• But compatibility issues (notably the requirement to support a real mode BIOS and boot sequence) prevent a PC from doing that.

  • So essentially all motherboards map the boot ROM to both areas - 0xffff0000 *and* 0x000f0000.

  • So when that "jmp 0xf000:xxxx" is executed, control moves to the copy of the ROM at the traditional location.

  • A system not constrained by PC compatibility could execute a few dozen instructions in the high-address real mode and then switch into a protected mode "BIOS," and never look back to real mode.


Memory types answers com

Memory Types [answers.com]

64k

1M


Extended memory xms pcguide

Extended Memory (XMS) [pcguide]

  • All of the memory above the first megabyte is called extended memory. This name comes from the fact that this memory was added as an extension to the base 1 MB that represented the limits of memory addressability of the original PC's processor, the Intel 8088.

  • With the exception of the first 64KB (High Memory Area), extended memory is not directly accessible to a PC when running in real mode.

    • This means that under normal DOS operation, extended memory is not available at all.

    • For HMA:

      • 0xffff0+0xffff=0x10ffef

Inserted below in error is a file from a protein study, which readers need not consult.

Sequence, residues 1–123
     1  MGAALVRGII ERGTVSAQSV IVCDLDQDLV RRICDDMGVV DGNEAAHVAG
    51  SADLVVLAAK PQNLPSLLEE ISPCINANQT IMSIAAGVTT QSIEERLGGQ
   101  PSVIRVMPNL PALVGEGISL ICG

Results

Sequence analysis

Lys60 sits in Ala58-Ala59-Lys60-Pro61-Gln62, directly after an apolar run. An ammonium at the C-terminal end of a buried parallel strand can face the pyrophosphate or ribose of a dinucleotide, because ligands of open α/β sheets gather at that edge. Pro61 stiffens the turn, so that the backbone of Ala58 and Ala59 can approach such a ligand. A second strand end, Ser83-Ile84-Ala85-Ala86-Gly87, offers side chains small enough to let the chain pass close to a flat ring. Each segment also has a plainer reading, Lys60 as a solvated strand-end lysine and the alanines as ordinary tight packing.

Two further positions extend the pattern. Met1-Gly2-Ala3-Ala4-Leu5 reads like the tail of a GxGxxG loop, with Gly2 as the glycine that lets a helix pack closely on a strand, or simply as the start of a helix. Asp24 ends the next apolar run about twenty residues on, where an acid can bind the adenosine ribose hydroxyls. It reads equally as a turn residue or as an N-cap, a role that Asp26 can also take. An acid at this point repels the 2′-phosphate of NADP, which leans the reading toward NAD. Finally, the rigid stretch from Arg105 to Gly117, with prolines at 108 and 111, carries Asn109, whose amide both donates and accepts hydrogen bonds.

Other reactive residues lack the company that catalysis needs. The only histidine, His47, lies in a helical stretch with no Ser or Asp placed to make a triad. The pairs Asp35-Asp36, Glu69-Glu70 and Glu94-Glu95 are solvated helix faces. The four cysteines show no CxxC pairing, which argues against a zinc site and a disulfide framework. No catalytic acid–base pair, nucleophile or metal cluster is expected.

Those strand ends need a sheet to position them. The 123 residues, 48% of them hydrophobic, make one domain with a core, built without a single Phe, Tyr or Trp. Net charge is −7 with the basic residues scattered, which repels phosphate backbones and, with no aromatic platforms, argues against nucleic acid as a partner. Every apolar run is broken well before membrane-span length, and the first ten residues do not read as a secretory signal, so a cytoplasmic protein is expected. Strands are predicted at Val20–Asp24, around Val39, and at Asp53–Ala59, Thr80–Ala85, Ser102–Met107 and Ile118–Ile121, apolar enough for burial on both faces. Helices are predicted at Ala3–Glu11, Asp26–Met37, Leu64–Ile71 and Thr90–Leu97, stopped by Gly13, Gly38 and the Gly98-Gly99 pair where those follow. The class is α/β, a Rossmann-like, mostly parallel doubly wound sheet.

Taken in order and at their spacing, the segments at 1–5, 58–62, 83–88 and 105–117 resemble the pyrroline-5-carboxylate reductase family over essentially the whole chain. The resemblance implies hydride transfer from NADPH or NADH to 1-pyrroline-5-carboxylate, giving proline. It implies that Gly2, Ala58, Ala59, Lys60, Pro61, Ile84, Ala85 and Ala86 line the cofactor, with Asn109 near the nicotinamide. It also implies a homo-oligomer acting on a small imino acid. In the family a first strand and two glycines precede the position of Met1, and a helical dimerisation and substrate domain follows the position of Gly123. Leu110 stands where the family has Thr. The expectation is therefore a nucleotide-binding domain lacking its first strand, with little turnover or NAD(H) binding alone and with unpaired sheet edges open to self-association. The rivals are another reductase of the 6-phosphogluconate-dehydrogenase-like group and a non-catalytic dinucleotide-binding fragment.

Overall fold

• 0x10ffef-0x10000=0xffef = 64k - 17

  • Protected mode must be used to access extended memory directly.


Access xms pcguide wiki

Access XMS[pcguide] [wiki]

  • There are two ways that extended memory is normally used.

    • A true, full protected modeOS like Windows NT, can access extended memory directly.

    • However, operating systems or applications that run in real mode, including (1) DOS programs that need access to extended memory, (2) Windows 3.x, and (3) Windows 95, must coordinate their access to extended memory through the use of an extended memory manager.

      • The most commonly used manager is HIMEM.SYS, which sets up extended memory according to the extended memory specification (XMS).

  • A protected-mode operating system such as Windows can also run real-mode programs and provide expanded memory to them.


Linux operating system

EMS

  • In modern systems, the memory that is above 1 MB is used as extended memory (XMS).

    • Extended memory is the most "natural" way to use memory beyond the first megabyte, because it can be addressed directly and efficiently.

    • This is what is used by all protected-mode operating systems (including all versions of Microsoft Windows) and programs such as DOS games that use protected mode.